His & Hers: Revelling in the Joy of Resolutions (That Count)

resolutions

Welcome to His & Hers, in which an entertainment industry business advisor and actress/mentor give their take on the latest topics that come up when they’re mentoring and coaching actors. 


This month John Byrne, an entertainment industry business advisor who writes for The Stage and coaches actors around the globe, compares thoughts with Angela Peters, actress and acting mentor with clients in the UK, LA, and AU, on the topic of Resolutions—and how you can make acting resolutions that actually count.

Angela:

Every year, hundreds, perhaps millions, of actors sit down about now and plan their goals to take over the acting world. I’ve coached actors as they do it, I’ve received emails asking for support as they work on them, I’ve read the tweets and Facebook comments professing that this year will be different—and why not? The new year is about making resolutions and vowing to do things differently; it’s a chance to start again.

But what really counts are the goals that can actually be put into practise—the goals that are actionable, the goals that allow an actor to feel good about themselves.

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Interview with BIFA award winning Director Paul Andrew Williams

Paul Andrew Williams is a British film writer and director who won Edinburgh International Film Festival’s New Director’s Award, Raindance’s Best Feature, a BIFA, and Evening Standard British Film Awards’ Best Newcomer for his film London to Brighton in 2006, as well as BAFTA nominations. Paul then went on to receive a host of nominations for Song for Marion in 2012. Paul has since gone on to work on a number of British television shows, as well as developing and creating other projects. Paul joined Casting Networks this month to speak very frankly about the British film industry and how he has navigated his way to success.


CNI: You’ve been working solidly as a director for many years now, with London to Brighton being your big breakout directorial feature debut. How have you found it, going from film to film, as you’ve climbed the director ladder in the UK?

London to brighton

London to Brighton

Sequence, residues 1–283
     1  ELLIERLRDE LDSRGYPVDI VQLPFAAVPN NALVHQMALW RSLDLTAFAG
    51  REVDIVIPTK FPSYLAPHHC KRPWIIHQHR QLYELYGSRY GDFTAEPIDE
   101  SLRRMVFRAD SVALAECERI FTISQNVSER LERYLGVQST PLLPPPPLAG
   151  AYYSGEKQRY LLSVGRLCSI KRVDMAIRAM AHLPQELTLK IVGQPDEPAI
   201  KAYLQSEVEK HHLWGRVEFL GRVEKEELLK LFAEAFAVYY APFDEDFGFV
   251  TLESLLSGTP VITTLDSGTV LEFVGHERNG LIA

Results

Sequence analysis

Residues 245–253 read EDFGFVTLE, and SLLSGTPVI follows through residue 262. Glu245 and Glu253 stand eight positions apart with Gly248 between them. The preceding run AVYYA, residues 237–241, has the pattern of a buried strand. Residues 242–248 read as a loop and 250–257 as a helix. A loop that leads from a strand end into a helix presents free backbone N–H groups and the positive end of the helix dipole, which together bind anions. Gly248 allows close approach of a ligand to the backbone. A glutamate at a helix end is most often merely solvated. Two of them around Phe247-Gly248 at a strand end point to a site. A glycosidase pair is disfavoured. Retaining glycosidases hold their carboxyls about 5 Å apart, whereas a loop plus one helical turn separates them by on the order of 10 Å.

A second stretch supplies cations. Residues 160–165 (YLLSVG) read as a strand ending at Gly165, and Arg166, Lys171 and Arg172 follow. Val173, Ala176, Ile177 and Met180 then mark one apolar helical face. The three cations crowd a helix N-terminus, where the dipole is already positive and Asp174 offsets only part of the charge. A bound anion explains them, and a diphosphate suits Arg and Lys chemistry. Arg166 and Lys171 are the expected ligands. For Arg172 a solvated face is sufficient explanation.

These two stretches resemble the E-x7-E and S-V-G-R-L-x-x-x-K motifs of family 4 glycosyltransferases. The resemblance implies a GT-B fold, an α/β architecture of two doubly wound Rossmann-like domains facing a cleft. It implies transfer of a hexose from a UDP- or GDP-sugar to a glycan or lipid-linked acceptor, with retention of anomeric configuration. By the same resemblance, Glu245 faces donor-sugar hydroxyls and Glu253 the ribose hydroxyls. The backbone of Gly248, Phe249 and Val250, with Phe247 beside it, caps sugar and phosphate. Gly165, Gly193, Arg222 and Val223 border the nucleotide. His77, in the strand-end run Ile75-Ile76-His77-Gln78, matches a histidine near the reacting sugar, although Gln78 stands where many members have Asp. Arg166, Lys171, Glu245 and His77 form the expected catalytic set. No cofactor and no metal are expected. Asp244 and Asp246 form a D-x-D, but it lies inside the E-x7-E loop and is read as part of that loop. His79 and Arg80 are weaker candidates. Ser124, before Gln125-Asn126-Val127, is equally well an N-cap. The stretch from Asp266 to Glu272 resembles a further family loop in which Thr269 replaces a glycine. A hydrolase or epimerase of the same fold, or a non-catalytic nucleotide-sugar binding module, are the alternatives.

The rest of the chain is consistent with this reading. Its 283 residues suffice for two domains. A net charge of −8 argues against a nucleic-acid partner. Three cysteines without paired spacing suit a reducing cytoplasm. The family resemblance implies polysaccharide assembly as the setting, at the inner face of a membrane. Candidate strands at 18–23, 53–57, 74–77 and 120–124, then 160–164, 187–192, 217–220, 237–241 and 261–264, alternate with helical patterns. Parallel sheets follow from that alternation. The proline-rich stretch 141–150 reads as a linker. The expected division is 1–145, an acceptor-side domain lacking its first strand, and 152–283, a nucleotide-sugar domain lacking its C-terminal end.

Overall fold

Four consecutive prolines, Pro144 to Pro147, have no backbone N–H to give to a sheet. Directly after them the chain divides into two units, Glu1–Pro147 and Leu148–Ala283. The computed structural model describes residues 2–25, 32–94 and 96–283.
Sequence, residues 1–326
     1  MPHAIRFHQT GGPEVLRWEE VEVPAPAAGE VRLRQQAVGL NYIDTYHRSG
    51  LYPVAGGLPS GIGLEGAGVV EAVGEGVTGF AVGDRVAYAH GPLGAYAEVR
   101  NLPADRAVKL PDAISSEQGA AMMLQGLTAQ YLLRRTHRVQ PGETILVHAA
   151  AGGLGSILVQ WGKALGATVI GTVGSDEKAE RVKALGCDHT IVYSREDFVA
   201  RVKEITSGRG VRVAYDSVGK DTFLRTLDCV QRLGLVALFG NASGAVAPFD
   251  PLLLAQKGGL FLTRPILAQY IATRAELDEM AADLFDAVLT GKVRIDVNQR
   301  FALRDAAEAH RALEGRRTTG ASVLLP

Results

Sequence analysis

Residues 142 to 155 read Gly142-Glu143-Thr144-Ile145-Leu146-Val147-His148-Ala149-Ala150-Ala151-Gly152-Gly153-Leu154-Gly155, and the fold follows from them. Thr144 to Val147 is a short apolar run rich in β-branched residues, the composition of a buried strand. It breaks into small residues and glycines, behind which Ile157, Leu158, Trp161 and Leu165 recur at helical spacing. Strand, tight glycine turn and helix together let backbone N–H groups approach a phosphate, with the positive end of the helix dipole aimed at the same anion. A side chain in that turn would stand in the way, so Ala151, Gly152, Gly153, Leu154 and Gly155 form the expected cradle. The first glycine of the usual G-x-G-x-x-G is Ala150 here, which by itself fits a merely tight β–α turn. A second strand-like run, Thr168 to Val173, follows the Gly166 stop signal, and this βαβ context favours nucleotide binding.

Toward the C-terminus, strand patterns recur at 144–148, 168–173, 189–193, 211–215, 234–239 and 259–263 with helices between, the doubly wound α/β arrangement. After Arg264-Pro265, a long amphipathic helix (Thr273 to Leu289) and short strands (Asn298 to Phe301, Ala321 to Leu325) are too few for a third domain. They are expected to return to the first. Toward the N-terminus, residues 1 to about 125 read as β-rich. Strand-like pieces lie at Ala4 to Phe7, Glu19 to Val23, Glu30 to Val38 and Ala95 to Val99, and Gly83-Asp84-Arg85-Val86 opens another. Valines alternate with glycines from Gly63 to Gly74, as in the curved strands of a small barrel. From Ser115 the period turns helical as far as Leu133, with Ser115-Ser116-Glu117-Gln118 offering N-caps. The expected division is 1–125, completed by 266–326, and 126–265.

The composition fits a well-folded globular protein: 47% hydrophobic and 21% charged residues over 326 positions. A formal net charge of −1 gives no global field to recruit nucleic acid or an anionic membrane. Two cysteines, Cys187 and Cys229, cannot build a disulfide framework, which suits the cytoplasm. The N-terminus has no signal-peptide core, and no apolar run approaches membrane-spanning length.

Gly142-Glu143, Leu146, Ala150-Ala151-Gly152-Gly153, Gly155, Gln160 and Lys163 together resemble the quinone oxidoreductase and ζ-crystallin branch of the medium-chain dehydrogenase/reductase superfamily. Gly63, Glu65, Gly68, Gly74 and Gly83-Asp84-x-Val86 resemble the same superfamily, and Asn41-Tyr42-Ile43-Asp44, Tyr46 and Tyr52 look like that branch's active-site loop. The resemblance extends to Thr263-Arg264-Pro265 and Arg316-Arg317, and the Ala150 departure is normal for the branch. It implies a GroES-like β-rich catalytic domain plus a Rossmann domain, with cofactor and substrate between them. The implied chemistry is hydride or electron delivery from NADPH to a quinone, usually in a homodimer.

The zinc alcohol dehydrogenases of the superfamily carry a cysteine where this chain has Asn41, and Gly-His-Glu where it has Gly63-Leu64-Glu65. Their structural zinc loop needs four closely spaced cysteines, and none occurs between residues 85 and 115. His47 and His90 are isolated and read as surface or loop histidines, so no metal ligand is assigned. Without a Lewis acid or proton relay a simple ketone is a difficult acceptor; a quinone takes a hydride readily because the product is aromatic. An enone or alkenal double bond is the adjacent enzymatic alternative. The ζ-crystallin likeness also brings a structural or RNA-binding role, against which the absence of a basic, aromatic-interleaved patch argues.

Paul Andrew Williams: I would have to say that there has been no climb. I think I’m very lucky to have treaded water for such a long period of time. I have made four feature films and three television programmes. That is over the last 12 years, and in the time I wasn’t working on a particular project, I have been writing, with some projects getting further than others. Not a day goes by that I don’t think about certain decisions made, and how they have changed my path in both positive and negative ways. It’s definitely my vocation, so I will keep trying to do stuff that I feel positive about, and hope someone employs me.

CNI: Ever a fan of your work, we recently saw a domestic violence short you made called Do You See Her starring Tessa Peake-Jones, Phil Davis, and Anne-Marie Duff. How did that short film come about? And how did you get involved with the organisation Womansaid?

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Theatre Review: When Both Sides Surrender

large_36849e98-18a6-4994-83b6-08e92b32b9efOff the corner of Deansgate, in the great city of Manchester, hidden away amongst the arches of old car showrooms, there seems to be an abundance of talented thespians making a racket. I blame 53two and it’s seemingly never ending schedule of events taking the fringe community in Manchester by storm in its maiden year as an Arts Venue.

After birthing its own night of fleeting theatre, ‘North South Shorts,’ then becoming a temporary venue to the old power that is JB shorts, 53two has now played host to Scott Devon’s poetically written When Both Sides Surrender.


The writing was described as Shakespeare meets A Clockwork Orange. I must start this review by conceding that I would not class myself as a fan of Shakespeare, however I am certainly a fan of Mr. Stanley Kubrick, so I had mixed feelings as I entered the theatre.

Richard Cooper and Kaeran Dooley should be proud, first for a wonderfully creative set incorporating a burnt out car, graffiti, battered steel, and decaying sofas that set the tone for the performance. Second, because these production aspects were matched in their quality by the costume and props, from the ‘trackies’ all the way to the police riot gear.

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